terminal once the payment card information is received. The difference between a swiped card
transaction originating in a credit card terminal and an online transaction lies in the fact that the
customer's is not present during the sale, requiring an different method to capture the card information.
To securely accept and transfer the card account information from the merchant's e commerce website
to the payment processor requires the use of a payment gateway.
 4 Payment Gateway: A payment gateway, which can also serve as a ‘Payment Service Provider’,
is an online application that allows merchants to securely link their e-Commerce website to their

payment processing company. A payment gateway accepts cardholder account information
from the customer's web browser and encrypts the data before transferring account
information to the payment processor.
Payment gateways are generally built and operated by a third-party company that has the experience
and knowledge of financial technology to design an online payment application capable of providing the
maximum level of security. Once integrated into an e-Commerce shopping cart, the payment gateway
provides a seamless link between the merchant's website and the payment processor for fast and
secure payment authorizations.
Similar to a credit card terminal, the payment gateway captures the encrypted card account information
from the customer's web browser and packages it along with the transaction details from the shopping
cart for transmission to the payment processor. Once the customer bank renders a decision as to the
status of the transaction request, that information is sent back to the payment gateway and presented
to the customer through their web browser.
The merchant account is linked directly into the payment gateway, providing immediate functionality
once the gateway has been integrated into the merchant's shopping cart. The gateway is able to pass
the XML account files containing cardholder details from the customer's web browser through an SSL
(Secure Socket Layer) to the payment processor. The files sent through the SSL are normally done using
a standard financial interchange message, usually ISO 8583, for maximum security during the
transmission process.
After the card association receives the secure customer and transaction files from the payment
processor, the customer's card issuing bank can be determined. The transaction details along with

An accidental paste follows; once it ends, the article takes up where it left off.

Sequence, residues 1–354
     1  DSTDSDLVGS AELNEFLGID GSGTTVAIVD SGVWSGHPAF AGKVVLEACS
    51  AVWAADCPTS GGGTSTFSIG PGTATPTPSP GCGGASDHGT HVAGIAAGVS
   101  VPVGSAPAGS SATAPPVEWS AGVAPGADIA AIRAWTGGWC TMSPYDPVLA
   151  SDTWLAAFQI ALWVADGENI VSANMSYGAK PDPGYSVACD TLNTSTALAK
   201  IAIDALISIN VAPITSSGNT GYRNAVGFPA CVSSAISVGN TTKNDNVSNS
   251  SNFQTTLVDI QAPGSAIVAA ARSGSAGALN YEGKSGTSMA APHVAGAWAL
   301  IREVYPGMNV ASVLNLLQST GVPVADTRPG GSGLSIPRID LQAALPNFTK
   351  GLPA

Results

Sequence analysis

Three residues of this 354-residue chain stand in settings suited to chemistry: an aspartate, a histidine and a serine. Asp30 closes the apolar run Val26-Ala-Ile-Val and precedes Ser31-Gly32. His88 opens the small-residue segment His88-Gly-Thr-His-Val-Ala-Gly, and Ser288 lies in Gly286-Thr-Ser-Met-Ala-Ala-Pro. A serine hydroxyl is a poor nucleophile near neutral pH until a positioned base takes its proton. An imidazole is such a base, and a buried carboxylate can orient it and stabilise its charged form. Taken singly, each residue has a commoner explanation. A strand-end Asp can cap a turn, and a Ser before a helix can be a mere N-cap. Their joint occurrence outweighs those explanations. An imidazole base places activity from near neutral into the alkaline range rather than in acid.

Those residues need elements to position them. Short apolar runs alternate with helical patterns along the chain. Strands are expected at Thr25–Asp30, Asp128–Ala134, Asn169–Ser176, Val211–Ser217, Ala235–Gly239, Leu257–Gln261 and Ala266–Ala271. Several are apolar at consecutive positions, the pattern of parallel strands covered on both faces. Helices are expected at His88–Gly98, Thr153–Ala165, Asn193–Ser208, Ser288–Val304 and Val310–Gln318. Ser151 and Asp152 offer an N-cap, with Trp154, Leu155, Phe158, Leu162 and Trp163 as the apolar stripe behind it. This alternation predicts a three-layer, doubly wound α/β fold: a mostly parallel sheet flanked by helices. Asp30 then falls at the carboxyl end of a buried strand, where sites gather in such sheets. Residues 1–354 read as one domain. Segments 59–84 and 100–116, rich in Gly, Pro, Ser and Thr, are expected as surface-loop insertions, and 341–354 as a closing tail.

account information will be sent to the bank for account verification and payment authorization after
various credit, security, and fraud checks are performed. Once a decision has been made, the response
will be sent back through to the payment gateway to inform both the merchant and customer of the
authorization's status.
Unlike a swiped transaction occurring in a retail location, online credit card transactions have
significantly higher risks without the added security that comes from EMV chips in today's cards. To
combat fraud, e-Commerce merchants rely heavily on their own fraud prevention practices including
address verification (AVS), 3D Secure verification, and other security protocols available through their
payment process or payment gateway.
Merchants that choose to ignore this problem can face significant losses that will not be covered by
payment processors, banks, or the card association.

16. Who Uses a Merchant Account?
As technology has advanced and consumers have adapted the shift towards a cashless society, more and
more businesses have needed to accept credit cards as a way to maintain their customer base. Some of
the most commonly seen types of merchant accounts today include:
     Online Merchant Accounts
     Retail Merchant Accounts

     Restaurant Merchant Accounts

17. How Does Pricing Work for a Merchant Account?
The costs that are assessed to businesses for a merchant account will vary between payment
processors, depending on the pricing structure that the business and processor agreed upon. All credit
card and debit card transactions carry fees including discount fees and transaction fees. How these fees
are billed to the merchant can vary dramatically, making it very important for businesses to fully